“Master Laurans was a strong special assistant and master because of her incredibly deep knowledge of Yale, and her values about what this place could be, especially for its students,” he said. “She is articulate and sees many sides of an issue, and always gives her opinion without obfuscation. These are great strengths and valuable ones.”

Laurans said she is leaving at a moment of transition for the University, as long-serving administrators depart under a new presidential administration. She said she feels confident that Salovey and his staff are well-prepared to take the University forward while retaining that which makes it special.

Laurans wrote in an email to the JE community that she valued her time in the position tremendously and would cherish her last few months with the college.

She told the News that though she served as a JE fellow for more than three decades, she never expected to serve as the college’s master. But when former University President Richard Levin asked her to assume the position, she said she had the same thought as she did in 1975, when then-University President Kingman Brewster asked her to take on her initial role with University admissions: “How could you refuse the president of Yale?”

Laurans said that as master, she had the chance to form special relationships with students and to work to create a college community in which members operate together.

“Being the head of this college has been the capstone of my career, a privilege second to none, and so it is no surprise that as I leave now, the hardest thing is leaving my JE family,” she wrote to the residential college community Tuesday morning.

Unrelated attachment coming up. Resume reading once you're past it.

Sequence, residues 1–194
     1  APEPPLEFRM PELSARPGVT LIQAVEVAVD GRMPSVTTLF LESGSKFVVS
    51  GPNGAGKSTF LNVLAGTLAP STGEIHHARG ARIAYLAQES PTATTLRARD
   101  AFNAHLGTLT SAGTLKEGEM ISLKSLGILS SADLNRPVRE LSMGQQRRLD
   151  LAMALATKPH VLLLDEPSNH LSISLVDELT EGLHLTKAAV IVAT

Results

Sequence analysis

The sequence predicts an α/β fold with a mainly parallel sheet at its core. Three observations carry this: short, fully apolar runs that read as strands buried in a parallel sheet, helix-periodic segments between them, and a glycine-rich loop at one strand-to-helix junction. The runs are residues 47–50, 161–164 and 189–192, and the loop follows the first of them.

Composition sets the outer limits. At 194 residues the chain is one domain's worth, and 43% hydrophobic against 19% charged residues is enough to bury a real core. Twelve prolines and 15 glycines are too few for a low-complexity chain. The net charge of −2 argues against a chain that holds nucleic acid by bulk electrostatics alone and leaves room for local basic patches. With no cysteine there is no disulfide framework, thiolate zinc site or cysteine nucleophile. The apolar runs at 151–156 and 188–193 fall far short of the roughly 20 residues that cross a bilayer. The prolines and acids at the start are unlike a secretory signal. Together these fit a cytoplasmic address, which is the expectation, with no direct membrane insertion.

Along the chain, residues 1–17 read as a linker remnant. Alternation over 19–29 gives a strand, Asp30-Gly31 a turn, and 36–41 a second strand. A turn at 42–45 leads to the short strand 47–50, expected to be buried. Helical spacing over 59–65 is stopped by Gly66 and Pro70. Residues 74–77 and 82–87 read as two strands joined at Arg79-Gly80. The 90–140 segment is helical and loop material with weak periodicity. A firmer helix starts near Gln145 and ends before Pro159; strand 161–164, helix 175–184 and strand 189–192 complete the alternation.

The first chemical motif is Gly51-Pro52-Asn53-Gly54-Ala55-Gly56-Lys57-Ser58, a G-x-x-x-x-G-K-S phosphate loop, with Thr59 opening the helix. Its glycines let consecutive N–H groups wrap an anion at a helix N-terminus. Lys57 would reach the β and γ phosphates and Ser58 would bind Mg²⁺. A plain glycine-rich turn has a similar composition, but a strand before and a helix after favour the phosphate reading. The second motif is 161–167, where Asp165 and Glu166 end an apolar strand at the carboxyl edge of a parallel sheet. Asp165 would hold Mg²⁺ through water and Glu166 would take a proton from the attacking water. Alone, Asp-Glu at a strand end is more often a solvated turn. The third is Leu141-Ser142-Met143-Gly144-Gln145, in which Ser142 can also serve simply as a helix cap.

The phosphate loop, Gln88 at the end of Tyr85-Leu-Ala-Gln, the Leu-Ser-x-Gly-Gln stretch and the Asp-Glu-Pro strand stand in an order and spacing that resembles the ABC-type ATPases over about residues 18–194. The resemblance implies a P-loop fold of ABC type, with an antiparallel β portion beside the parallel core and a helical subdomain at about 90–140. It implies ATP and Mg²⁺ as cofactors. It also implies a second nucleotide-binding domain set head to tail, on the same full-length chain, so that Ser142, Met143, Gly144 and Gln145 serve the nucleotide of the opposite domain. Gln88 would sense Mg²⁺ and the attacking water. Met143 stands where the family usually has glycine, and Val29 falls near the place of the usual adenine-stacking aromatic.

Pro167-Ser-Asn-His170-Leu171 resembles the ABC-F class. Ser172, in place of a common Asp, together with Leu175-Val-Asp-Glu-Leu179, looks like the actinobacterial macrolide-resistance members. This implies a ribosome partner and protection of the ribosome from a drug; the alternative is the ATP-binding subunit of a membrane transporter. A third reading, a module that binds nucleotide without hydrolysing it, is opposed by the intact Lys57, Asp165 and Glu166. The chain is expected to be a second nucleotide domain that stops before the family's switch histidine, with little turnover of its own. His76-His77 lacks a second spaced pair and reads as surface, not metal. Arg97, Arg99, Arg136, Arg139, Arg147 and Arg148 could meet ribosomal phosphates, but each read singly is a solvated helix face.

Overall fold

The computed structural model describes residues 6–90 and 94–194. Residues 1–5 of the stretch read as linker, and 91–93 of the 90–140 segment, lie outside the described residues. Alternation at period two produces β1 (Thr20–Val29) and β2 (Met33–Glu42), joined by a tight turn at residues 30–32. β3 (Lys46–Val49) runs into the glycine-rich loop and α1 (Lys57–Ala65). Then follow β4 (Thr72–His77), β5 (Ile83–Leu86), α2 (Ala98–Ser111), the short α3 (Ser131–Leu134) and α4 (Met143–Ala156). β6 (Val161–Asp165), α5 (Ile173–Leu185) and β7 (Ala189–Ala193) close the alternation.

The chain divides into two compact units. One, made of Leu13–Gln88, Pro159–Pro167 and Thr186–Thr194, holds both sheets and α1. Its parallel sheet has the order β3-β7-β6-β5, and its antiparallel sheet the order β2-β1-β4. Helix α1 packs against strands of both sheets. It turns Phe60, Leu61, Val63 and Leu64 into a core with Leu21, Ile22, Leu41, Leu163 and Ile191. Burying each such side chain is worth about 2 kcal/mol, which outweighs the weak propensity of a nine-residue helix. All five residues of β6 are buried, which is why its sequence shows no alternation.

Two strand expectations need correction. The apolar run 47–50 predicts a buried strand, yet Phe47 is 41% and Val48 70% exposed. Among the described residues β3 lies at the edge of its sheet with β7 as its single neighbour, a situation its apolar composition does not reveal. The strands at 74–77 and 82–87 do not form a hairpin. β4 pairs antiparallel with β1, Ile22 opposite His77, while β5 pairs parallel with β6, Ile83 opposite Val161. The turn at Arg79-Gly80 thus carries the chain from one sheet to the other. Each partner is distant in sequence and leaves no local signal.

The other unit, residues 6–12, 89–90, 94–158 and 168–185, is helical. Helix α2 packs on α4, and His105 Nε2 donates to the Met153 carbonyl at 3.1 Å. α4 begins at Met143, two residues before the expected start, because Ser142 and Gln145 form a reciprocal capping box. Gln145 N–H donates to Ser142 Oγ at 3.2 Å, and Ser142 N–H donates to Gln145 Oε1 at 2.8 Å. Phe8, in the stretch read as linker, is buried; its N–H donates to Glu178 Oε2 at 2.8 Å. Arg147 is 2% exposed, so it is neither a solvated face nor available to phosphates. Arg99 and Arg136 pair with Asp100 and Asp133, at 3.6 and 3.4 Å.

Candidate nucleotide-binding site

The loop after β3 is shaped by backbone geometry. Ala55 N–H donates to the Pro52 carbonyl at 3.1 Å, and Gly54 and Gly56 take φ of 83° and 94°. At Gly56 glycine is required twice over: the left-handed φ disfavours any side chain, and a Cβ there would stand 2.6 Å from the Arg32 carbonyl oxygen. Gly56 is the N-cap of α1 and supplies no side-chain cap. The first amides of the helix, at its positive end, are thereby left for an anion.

JE students interviewed said they were surprised to learn that Laurans would depart, and expressed fondness and appreciation of her mastership — the foundation of which stemmed from her undying excitement and engagement.

“She invites you to be as crazy about JE as she is,” Esther Portyansky ’16 said. “She always has a great big smile and engages you in a real way. She takes people seriously and won’t hesitate to challenge you if she feels that’s what you need to hear. It shows she takes you seriously, not just as a member of the community but as an individual person.”

Portyansky added that as a “patron of the arts,” Laurans fostered a college environment filled with art showcases and opportunities for students to perform. Portyansky said Laurans had written a version of “Boola Boola” with JE lyrics that was sung at last year’s JE graduation.

Head JE Master’s Aide Hans Francois Kassier ’16 said Laurans had taught him the value of pursuing his passions.

“I have many fond memories of Master Laurans. From driving students to IMs — and then cheering from the sidelines — to beautiful, heartfelt speeches at past commencements, Master Laurans has been an omnipresent force within the college,” he said.

Nguyen Phan Nguyen ’17 said Laurans has been like a strict but loving parent who always looks out for her students. Rather than become engrossed in the “little things,” Laurans always sought to push students to see the big picture, Nguyen added.

Surprised to hear of Laurans’ departure, Jenna Kainic ’16 said she struggles to imagine what JE will be like without its master of seven years.

“I know she’s worked at Yale for a very long time, but at the same time she feels like such a part of this atmosphere and a part of Yale so it’s hard to think about JE without her,” she said.